Around the second week of our trip to the Philippines, we were desperate for some exercise and adventure. As an active family, it was hard for us to lie around on the beach all day and do nothing (I know, poor us!)
I shared my need for exercise to a family friend who excitedly exclaimed, “The Sea of Clouds! You should go to the Sea of Clouds!” Everyone else agreed. They said as long as we were willing to wake up early, it would be an incredible experience.
Danao is about two hours away from our house in Loon and about three hours from Bohol’s capital, Tagbilaran. We were advised to arrive around sunrise and definitely before 7 am when the clouds typically burn off. We opted to rent a private van with a driver and left our house around 4 am.
The two-hour drive consisted of windy roads through mountainous towns. As first light began to illuminate the road, fog and drizzle became apparent. Our driver sounded a bit disappointed for us when he said, “you should have checked the weather, there might not be clouds because of this rain.” I later learned that social media, specifically Facebook, has pages dedicated to weather reports for visitors to the Sea of Clouds.
When we arrived in Danao, there were already groups of people preparing for their hike up. As we paid the 25 Piso entrance fee, we were warned by the employee behind the counter of possible dangers we might face. He warned us of the high climb and said: “if you have heart problems or are afraid of heights, you shouldn’t go.”
This was the first week of November, supposedly an ideal time to visit. The morning drizzle made the trail a bit slippery and worn down. I wore Chacos while Clayton wore hiking shoes and we both found ourselves sliding on mud a few times. Within the first couple of minutes, we had reached the first hill. Although we weren’t at the very top, the view was stunning and the sun peaking through the clouds created a beautiful sunrise.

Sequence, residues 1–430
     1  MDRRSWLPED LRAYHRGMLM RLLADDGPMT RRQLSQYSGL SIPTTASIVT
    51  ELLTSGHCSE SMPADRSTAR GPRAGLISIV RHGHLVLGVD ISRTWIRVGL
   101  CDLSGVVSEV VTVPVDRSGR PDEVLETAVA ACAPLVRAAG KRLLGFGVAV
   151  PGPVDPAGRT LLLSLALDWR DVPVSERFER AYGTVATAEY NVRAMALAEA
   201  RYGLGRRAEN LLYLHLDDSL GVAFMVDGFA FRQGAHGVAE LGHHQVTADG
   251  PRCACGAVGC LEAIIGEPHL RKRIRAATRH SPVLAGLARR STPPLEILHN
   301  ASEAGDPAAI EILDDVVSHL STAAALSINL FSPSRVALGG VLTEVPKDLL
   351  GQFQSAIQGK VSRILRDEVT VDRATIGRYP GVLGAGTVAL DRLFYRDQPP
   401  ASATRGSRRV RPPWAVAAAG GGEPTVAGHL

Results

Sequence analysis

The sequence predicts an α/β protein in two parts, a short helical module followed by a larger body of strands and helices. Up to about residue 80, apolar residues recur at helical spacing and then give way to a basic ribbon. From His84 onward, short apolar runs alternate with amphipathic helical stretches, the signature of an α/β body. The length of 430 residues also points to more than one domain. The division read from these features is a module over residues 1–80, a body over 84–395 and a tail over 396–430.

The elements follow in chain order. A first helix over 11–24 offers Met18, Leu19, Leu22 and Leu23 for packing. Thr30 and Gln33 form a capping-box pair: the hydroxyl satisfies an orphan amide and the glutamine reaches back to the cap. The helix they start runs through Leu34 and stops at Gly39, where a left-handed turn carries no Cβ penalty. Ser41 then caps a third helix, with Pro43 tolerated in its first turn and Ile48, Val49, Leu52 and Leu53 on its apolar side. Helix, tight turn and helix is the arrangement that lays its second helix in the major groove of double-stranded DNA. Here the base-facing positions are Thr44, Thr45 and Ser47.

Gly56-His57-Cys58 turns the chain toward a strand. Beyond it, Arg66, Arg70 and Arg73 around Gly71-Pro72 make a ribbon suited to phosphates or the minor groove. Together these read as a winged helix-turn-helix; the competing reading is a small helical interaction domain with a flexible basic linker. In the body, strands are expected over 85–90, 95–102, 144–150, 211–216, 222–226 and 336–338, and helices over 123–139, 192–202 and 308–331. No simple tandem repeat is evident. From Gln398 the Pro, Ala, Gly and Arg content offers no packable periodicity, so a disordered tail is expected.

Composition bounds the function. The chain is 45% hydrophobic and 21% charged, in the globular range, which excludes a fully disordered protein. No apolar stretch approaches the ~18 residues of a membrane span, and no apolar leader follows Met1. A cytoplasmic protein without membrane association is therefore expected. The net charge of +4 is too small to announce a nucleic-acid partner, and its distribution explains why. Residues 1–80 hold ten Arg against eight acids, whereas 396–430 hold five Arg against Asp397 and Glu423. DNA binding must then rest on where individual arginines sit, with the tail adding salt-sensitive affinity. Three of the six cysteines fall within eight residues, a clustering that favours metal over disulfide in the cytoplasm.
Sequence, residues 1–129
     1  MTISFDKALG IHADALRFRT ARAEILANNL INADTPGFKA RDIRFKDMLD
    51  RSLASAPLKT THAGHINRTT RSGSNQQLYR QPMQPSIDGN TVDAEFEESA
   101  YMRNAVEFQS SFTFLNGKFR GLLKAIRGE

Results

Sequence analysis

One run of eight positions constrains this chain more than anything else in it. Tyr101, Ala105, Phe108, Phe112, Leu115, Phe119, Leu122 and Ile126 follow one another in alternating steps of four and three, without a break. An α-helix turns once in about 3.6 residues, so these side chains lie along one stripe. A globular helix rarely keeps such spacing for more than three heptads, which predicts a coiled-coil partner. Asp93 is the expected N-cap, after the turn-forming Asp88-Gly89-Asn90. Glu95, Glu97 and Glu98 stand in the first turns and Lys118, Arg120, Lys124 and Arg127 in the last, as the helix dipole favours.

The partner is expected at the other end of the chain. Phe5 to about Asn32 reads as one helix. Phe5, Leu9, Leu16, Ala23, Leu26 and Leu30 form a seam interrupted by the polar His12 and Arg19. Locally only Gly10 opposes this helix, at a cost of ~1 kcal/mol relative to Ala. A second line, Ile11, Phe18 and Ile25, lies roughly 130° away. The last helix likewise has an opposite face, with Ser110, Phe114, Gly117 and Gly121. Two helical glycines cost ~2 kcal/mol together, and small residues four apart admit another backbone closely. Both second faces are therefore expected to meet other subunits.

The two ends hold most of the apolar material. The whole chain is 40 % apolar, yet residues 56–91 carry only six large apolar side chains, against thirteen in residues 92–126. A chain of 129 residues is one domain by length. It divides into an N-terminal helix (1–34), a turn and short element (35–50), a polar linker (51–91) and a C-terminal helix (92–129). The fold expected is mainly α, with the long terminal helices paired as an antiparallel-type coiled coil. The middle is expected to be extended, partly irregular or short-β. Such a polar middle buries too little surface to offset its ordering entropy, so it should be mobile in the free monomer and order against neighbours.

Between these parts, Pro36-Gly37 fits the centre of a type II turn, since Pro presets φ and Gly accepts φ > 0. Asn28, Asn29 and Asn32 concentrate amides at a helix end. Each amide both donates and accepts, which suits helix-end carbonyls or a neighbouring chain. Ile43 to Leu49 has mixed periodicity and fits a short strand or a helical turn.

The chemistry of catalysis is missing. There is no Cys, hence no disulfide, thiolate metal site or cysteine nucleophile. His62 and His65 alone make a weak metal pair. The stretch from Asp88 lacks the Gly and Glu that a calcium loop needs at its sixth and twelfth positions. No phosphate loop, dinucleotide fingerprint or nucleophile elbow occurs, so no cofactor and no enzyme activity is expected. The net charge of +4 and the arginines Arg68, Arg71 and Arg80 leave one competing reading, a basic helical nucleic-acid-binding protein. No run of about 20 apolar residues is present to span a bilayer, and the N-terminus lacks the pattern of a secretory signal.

I reached into our small backpack and looked over the water we had brought. One large Hydroflask and 3 bottles of water. Before our hike, I thought this water was more than enough, but as I dripped in sweat after the first hill, I realized we should have brought more. I reached for my Hydroflask and took a big gulp of cold water. Holy hell, this was the hottest hike of my life.
The heat was a reminder of why we had spent most of our days just lying around. The humidity was killer. By this point, we looked up to the end of the hike and realized we needed to get this done quickly before we became dehydrated. The next 10-15 minutes consisted of following a tight trail up and down rolling hills until we reached the end. I couldn’t tell you how long the entire trail is, but it took us about 20 mins total with short water breaks.
At the top, it was beautiful. The view of the tiny homes and slight cloud cover was incredible, but we couldn’t take our eyes off the other side where lush green rice terraces filled the landscape. As most of the visitors posed in front of the clouds, we took most of our photos in front of the terraces. I thought that was a bit funny. I’m used to being on mountain tops and seeing clouds, but the locals are used to seeing rice terraces. I’d say for the sake of taking photos, it worked out for us.
When looking at the mountains above the rice terraces, I noticed a group of people at the top surrounded by tents. I later learned this is the neighboring town of Dagohoy which tends to be less crowded than Danao. Dagohoy is also a spot for camping so hikers can enjoy the view at first light. I felt a little jealous of the group standing on the mountain in Dagohoy, but I’m also not sure if I would be able to camp in the heat of the Philippines.
My overall impression was it was a great experience and it felt good to get the heart pumping even for a short hike. It’s a beautiful place to appreciate nature and provide an outlet for all hiking abilities, but it does take a bit of effort. My mom, my aunt, and my two cousins didn’t make it to the top. They complained it was too hot and too steep to complete and spent most of the time sitting on the benches built on the side of the trail. It’s an easy hike, but you still have to be prepared.
My advice is to wear breathable clothes you don’t mind sweating in, wear comfortable shoes with tread to keep from slipping and to bring a lot of water! By the time we had returned to the parking area, we had finished all of our water and we desperately needed more.
Despite the heat, it was nice to see another side of the Philippines. The beaches are amazing, but the mountains are special out there too. If you have any questions, let me know!